Life is nicer - can be more productive - developing countries spend a lot of their time trying to arrange for things to be done which things in developed countries take completely for granted - therefore we can spend more time producing stuff and boosting income
  70. Why might people migrate to a particular area - demographic imbalances - more info
    • Fertility rates, age distribution - stage in development in the world - differences in age structure - possibly the widest its ever been
    • Ageing structures like Japan and young structures like India
  71. Why is migration costly?
    • Costs of migration have to be funded
    • You can only migrate if you have a cushion of money to fall back on because its so risky - migrating costs, legal papers, the cost of travelling, supporting yourself until you are settled, finding a job, somewhere to live - all require money
  72. Examples of cost in migration
    • Migrating costs
    • Legal papers
    • The cost of travelling
    • Supporting yourself
    • House
    • Finding a job
  73. Figures of GDP per head and migration patterns
    We reckon that migration continues to grow with income until you get to around $5000-$7000 where it remains fairly stable or grows at a slower rate
  74. How does migration link to income - more info
    • Migration is why the relatively well off migrate - not the very poorest
    • We do something to help you get richer (e.g. if you want to get to london and you have the skills but dont have the funds, if you get richer, you might be able to migrate)
    • Notion especially in politics in migration - make countries of origin richer so that people dont feel the need to migrate to the West - is in fact completely wrong
    • As average income grows in poorer countries, migration continues because the set of people who can afford to migrate also increases
  75. What is the fundamental myth in migration in terms of wealth and migration?
    • Notion especially in politics in migration - that if you make the countries of origin richer, people wont feel the need to migrate to the west
    • As the average income for a country grows, it increases the set of people who can afford to migrate
  76. What is migration a good....?
    Equilibrator - it moves people from low to higher productivity
  77. What were the migration changes like between 1870 and 1910?
    There was a lot of migration between the old world and the new world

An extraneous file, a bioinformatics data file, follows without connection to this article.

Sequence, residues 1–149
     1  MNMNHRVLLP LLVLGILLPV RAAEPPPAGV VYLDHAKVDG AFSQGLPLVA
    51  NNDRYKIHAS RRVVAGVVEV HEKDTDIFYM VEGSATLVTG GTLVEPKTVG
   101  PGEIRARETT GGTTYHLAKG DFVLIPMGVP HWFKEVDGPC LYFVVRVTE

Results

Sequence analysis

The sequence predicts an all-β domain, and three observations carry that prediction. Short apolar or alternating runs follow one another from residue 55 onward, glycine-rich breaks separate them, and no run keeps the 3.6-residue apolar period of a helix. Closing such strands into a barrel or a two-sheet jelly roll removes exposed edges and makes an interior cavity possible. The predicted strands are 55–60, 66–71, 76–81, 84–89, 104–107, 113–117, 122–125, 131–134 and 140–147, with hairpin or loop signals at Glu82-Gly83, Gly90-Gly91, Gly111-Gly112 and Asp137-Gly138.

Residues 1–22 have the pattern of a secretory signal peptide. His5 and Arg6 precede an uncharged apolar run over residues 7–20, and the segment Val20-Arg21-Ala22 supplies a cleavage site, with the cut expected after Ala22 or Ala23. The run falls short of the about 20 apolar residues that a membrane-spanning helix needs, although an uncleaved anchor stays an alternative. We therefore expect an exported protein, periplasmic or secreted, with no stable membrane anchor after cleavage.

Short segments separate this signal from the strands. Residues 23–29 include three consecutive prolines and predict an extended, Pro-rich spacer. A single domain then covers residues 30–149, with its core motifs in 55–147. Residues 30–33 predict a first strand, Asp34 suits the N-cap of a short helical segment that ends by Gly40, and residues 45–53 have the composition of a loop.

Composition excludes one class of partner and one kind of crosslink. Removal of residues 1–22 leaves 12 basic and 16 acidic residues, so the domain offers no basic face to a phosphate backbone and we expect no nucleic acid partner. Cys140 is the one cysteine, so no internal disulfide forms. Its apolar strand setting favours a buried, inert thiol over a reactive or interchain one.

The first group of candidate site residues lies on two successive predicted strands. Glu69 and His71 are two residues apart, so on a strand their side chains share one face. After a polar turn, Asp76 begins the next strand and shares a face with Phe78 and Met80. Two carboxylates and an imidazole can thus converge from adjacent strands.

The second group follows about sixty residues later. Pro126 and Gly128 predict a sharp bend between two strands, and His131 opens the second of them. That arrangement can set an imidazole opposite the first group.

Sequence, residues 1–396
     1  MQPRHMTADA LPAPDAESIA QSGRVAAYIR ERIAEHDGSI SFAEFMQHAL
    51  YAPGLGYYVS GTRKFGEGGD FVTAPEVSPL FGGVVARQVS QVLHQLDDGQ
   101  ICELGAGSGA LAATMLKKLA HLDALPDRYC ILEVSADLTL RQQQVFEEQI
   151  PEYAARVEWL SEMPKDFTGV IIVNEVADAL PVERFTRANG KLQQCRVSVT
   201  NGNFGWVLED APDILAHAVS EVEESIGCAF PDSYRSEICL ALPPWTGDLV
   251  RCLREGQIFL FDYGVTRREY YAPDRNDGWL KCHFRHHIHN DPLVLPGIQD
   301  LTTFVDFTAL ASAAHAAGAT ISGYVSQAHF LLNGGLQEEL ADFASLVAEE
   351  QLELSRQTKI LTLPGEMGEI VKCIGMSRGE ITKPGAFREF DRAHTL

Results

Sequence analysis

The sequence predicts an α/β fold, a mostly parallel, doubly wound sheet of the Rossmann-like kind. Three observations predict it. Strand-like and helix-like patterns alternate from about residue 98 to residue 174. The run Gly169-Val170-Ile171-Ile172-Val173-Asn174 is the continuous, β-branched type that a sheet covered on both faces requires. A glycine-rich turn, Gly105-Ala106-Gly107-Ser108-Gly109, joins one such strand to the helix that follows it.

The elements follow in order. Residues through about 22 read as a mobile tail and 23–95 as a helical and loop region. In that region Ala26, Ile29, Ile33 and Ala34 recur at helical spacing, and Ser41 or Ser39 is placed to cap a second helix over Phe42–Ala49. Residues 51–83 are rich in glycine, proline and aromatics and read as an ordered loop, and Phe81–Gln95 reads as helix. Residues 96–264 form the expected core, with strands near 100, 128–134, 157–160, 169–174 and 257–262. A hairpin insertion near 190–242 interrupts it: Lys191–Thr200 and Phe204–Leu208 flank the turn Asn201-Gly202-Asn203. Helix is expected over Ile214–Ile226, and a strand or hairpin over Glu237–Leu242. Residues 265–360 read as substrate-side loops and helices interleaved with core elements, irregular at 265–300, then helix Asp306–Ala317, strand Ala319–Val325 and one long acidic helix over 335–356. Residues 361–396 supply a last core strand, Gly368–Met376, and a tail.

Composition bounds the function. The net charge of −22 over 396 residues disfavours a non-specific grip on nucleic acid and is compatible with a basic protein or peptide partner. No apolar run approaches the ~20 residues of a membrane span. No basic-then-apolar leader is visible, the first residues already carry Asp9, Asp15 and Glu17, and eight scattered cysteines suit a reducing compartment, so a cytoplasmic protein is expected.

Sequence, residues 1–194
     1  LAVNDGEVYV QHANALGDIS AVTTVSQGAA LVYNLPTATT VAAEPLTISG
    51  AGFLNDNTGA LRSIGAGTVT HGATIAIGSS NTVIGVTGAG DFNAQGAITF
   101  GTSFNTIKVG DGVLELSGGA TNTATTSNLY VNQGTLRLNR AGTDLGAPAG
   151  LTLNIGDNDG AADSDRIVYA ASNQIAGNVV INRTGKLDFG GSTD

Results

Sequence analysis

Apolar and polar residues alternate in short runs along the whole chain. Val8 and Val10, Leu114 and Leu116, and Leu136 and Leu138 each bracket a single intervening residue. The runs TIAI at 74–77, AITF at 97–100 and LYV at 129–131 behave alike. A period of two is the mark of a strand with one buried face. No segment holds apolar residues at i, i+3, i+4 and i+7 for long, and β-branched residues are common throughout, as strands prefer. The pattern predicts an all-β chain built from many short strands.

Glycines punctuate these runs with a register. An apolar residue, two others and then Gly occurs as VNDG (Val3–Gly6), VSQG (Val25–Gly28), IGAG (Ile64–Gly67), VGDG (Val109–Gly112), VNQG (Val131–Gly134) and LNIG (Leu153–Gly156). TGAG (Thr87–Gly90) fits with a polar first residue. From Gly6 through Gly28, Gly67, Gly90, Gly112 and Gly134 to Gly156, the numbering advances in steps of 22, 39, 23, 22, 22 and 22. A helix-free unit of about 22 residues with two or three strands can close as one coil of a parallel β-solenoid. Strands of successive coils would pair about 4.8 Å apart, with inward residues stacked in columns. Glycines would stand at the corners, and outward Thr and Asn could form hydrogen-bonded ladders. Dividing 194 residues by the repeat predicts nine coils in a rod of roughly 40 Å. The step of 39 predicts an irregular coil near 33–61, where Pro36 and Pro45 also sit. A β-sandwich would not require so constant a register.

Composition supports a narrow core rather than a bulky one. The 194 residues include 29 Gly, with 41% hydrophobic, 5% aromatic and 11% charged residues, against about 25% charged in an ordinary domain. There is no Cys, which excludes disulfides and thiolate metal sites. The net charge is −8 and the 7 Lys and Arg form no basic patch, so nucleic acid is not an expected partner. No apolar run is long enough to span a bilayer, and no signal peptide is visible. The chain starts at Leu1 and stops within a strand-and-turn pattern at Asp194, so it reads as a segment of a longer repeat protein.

78. What was America like in migration terms between 1870 and 1910?
    In America, there was quite a lot of resources, pretty fertile land and people were extremely productive because there was more than enough resources to exploit compared to the number of people - low population
  79. What was Europe like between 1870 and 1910?
    • Europes land had been used for hundreds of years and the land wasnt very fertile
    • Plus there was a lot of people for the resources to be shared between
  80. What countries did people migrate from to the New World between 1870 and 1910?
    Europe but particularly from Norway and Italy
  81. How did the Labour force change between 1870 and 1910 in various countries?
    • Argentina - +86%
    • USA - +24%
    • Italy - -39%
    • New World Average - +40%
    • Old World Average - -13%
  82. How did the Labour force change between 1870 and 1910 in Argentina?
    Grew by 86%
  83. How did the Labour force change between 1870 and 1910 in USA?
    Grew by 24%
  84. How did the Labour force change between 1870 and 1910 in Italy?
    Declined by 39%
  85. How did the Labour force change between 1870 and 1910 in New World?
    grew by 40%
  86. How did the Labour force change between 1870 and 1910 in Old World?
    Declined by 13%
  87. How were the wages affected by the migration between 1870 and 1910?
    • The wages feel in the New World because the land was being fully exploited and the resources were being shared out between more people
    • The wages in the Old World increased because the resources were not as strained compared to the population size
  88. Figures - Real wage increase/decrease between 1870 and 1910?
    • New World - -12%
    • Old World - +9%
  89. Figures - Real wage increase/decrease between 1870 and 1910 in the New World?
  90. Figures - Real wage increase/decrease between 1870 and 1910 in the Old World?
  91. Source for the data from 1870-1910?
    Taylor and Williamson, 1997
  92. Income pattern in the US - 1960 and 2000
    In the US, there were lots of different growth rates in population but they have a low range of growth in income per head - average income per head is growing around the same level everywhere in the US
  93. Income pattern in developing countries - 1960-2000
    • Developing countries show the same growth in population - around 2%, yet there growth in income per head is very varied
    • E.g. South Korea and Singapore have got a good income
    • Zambia has not made good progress
  94. What is the increase in population in developing countries?
    Around 2%
  95. 1960-2000 Info between US and developing countries - point
    • Internal migration is a lot easier - especially for the same income although it might not be a huge incentive
    • People in poor countries cannot move to other countries if they are from the very poor - would not work between developing countries
  96. Value of migration to migrants and their home communities
    • Migrate internationally - lower to higher wages
    • Higher wages and opportunities abroad - one of the ways to get rich and it far outstrips getting a degree and staying at home
    • Better opportunities for their children - it may be hard for them but better for the family at home
  97. Do remittances help alleviate poverty?
    • Maybe, maybe not.
    • Typically those who get the remittances depends on who migrated in the first place - the very poorest dont generally migrate and therefore remittances dont go back to the very poorest countries